Tull's initial musical approach was torn between Mick Abrahams blues vision and Ian Andersons more unique approach. When Abrahams left, his replacement Martin Barre became the key player in Tulls move towards a more progressive style.
recording sessions for this album started in April 69. One month
later, the band scored their first U.K. hit with "Living In The
Past," which charted at #3 (included in the remastered release)..
Starting with "Stand Up," the bands use of dynamics,
Celtic Folk, and classically-oriented tonal structures, along with
Ian Andersons flute playing and songwriting, became Jethro Tulls
signature. Simply put, "Stand Up" was the genesis of Tull's
sound and, not surprisingly, is one of Anderson's favorite Tull records.
Reflecting back, "Stand Up" seems an obvious career turn but at its release, the reality was Tull risked a great deal. The turn from the blue-orientated approach displeased important Tull radio and promoter connections.
"A New Day Yesterday" is almost a holdover from "This Was" with its blues-stylings while "Nothing is Easy," common in concert sets, is a blues-jazz fusion. "Bouree," a "cocktail jazz" (Ian's words) rework of a J.S. Bach classical piece, would become a Tull classic and an almost must for any concert set. Many Tull fans presume Far Eastern influences on the band's music begin with Anderson's solo album "Divinities." Yet, traces can be found in "Fat Man" (sometimes considered a jab at departed guitarist Mick Abrahams) and "Jeffrey Goes to Leicester Square," one of three Tull songs devoted to Ian's boyhood friend Jeffrey Hammond who would later join the band.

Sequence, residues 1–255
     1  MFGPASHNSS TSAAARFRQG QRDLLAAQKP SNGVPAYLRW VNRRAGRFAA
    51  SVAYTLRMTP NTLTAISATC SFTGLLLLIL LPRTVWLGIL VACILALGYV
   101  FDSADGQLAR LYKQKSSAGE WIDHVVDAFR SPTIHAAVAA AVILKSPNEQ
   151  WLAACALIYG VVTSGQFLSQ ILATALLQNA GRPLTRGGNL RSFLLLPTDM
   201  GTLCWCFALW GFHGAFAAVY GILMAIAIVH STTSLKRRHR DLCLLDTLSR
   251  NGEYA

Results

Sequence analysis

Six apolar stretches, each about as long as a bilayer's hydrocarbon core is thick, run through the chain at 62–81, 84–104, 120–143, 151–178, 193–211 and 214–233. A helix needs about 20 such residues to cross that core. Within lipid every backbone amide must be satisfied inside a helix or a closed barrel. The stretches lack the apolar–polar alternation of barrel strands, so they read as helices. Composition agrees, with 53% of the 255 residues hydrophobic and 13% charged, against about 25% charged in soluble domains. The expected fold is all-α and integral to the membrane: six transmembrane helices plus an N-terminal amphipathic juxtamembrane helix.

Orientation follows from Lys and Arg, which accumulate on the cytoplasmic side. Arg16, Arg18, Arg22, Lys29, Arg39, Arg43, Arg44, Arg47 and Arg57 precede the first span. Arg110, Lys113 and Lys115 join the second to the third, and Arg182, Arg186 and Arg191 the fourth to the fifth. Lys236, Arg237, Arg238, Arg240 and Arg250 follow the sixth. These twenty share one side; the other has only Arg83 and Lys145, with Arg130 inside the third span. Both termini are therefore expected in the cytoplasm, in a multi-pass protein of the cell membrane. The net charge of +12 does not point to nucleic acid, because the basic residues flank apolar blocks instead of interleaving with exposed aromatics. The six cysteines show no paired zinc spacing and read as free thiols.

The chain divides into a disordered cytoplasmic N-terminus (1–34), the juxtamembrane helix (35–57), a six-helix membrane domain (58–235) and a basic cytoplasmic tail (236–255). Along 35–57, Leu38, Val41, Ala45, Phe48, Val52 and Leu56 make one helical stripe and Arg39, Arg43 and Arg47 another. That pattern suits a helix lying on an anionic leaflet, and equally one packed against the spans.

While hardly a "concept" album, lyrically the album devotes a lot to Anderson's relationship with his parents (a subject continued on "Benefit") and coping with new found pop stardom.
This was the first album to be filled with songs written and arranged by Ian Anderson, the bands first album to chart in the U.S. top 20, and their first album to hit #1 in the U.K. It hit #1 two days after its release and stayed there for eight weeks!